Wednesday 21 February 2018

New runway on agenda as Dublin Airport becomes runaway success

Dublin airport. Photo: PA
Dublin airport. Photo: PA
John Mulligan

John Mulligan

Four years ago, no one could have imagined that by 2015 talk of when Dublin Airport would need to build a second runway would be back on the agenda.

But the capital's airport enjoyed a resurgence in 2015.

By early December - before the Christmas rush had even begun - passenger numbers for 2015 had already surpassed the previous record of 23.4 million achieved during 2008, with 23.5 million having passed through the airport. That was a 16pc increase in the year to date. Over Christmas, Dublin Airport expected numbers to be 18pc higher than in Christmas 2014.

There were five additional long-haul services launched at Dublin Airport last year, including routes to Washington DC by Aer Lingus, Los Angeles and Addis Ababa by Ethiopian Airlines, as well as short-haul services to destinations including Reykjavik.

New and existing operators at Dublin also added routes to other European cities.

The airport - which celebrated its 75th birthday in 2015 - was confirmed by industry group Airports Council International as one of the fastest-growing airports in Europe.

During 2015, more than one million passengers were also cleared by US customs and border protection (CBP) at Dublin Airport - the first time the figure ever surpassed the million mark in one year.

Next year, the airport will be even busier. Aer Lingus - now part of IAG - will launch routes to Los Angeles, Newark and Hartford, Connecticut, while Air Canada Rouge has announced a seasonal direct service between Dublin and Vancouver. Charter flights will operate to the Caribbean for the first time.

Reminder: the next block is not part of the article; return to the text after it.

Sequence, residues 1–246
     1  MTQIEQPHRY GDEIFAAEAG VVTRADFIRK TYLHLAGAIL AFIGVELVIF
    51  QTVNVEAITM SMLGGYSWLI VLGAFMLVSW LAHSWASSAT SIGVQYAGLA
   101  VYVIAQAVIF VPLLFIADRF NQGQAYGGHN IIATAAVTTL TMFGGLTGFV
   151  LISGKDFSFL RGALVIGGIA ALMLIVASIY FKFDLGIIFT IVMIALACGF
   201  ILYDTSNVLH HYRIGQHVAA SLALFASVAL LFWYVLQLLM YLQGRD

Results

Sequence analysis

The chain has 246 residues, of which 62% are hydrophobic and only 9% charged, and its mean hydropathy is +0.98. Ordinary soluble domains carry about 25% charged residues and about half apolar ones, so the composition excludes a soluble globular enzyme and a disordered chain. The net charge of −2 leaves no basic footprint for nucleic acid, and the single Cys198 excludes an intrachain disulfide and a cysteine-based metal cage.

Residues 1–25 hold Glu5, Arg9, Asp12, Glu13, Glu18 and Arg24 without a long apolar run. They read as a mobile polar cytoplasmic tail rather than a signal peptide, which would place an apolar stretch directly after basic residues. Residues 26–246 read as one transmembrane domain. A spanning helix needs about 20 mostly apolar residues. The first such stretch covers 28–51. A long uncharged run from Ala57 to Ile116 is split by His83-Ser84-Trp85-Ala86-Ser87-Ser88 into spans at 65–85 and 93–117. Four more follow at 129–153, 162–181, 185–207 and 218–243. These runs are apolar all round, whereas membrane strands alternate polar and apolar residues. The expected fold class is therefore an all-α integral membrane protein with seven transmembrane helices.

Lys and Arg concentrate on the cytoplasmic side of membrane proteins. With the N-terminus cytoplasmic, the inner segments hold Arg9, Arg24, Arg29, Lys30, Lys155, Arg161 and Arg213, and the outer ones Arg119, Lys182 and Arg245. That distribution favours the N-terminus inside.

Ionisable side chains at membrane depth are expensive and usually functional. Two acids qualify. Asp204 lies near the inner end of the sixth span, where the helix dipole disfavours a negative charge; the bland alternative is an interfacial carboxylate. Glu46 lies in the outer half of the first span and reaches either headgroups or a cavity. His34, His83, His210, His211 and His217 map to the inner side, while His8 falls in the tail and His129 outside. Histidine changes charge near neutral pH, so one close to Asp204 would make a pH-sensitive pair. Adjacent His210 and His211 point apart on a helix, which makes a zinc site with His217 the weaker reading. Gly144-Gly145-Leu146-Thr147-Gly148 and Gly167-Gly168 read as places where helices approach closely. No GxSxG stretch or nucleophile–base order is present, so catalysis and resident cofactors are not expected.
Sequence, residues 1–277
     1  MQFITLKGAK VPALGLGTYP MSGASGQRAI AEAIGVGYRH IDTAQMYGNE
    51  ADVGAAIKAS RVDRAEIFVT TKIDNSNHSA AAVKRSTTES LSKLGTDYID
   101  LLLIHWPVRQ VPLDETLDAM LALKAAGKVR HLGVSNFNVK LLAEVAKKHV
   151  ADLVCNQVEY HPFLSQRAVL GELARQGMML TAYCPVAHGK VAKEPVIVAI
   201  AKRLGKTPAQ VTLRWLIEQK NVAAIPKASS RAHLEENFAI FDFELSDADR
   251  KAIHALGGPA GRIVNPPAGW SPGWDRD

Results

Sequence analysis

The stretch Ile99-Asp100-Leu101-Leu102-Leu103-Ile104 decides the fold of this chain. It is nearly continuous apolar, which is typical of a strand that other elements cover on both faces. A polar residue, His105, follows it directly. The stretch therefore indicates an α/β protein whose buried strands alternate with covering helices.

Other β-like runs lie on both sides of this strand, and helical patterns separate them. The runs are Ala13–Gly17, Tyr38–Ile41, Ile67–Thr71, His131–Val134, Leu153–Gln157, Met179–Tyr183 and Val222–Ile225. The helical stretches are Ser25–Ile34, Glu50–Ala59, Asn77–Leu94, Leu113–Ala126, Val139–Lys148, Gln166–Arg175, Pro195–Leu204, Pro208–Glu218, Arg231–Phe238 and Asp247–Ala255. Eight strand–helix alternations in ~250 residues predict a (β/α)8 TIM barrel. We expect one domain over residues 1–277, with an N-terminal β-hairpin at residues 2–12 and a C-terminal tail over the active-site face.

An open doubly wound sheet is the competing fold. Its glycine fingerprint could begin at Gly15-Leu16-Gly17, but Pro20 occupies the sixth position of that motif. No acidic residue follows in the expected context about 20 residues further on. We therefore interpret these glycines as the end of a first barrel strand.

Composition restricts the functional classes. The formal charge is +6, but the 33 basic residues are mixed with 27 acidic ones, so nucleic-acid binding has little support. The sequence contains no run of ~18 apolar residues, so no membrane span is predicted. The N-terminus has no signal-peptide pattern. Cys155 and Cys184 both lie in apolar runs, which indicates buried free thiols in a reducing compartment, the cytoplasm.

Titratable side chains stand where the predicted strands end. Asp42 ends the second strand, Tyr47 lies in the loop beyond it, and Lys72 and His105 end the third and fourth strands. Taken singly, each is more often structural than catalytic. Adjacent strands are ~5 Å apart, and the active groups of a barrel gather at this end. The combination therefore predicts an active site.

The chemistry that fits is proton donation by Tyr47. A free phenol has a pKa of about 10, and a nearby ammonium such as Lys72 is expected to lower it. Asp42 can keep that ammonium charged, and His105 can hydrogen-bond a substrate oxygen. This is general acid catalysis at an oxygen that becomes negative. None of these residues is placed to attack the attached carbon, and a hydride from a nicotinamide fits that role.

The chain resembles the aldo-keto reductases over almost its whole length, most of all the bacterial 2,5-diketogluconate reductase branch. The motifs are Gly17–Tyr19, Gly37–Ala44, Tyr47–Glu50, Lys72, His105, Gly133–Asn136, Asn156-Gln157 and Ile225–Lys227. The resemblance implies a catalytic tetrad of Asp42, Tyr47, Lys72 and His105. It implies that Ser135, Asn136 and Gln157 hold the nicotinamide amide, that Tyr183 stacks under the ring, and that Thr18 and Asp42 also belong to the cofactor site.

In September, the DAA confirmed that it's re-assessing plans for a second runway at Dublin, which it already has planning permission for.

Transport Minister Paschal Donohoe confirmed that the semi-State company was re-evaluating that.

"We believe that due to predicted demand that's now very likely to occur at Dublin Airport, there will be a need for a second parallel runway," he said.

However, it has also emerged that planning restrictions attached to the new runway could impact its usefulness.

The Minister also announced in September that a long-awaited rail link from Dublin Airport to the city centre is planned. The 14-stop Metro North line will cost about €2bn and is expected to be operational by 2026.

At Shannon Airport, which was spun off as an independent entity from the DAA in 2013, passenger numbers for 2015 are also expected to rise this year. In 2014, 1.6 millon passengers used the airport. Chief executive of Shannon Group Neil Pakey will also leave his role next June.

Cork Airport has been struggling for some time, with passenger numbers having slumped over the past few years. But there was optimism this year as CityJet launched services from the airport and the first ever transatlantic services, to Boston and New York, due to commence in 2016 and 2017 respectively were announced. They'll be operated by Norwegian Air.

Irish Independent

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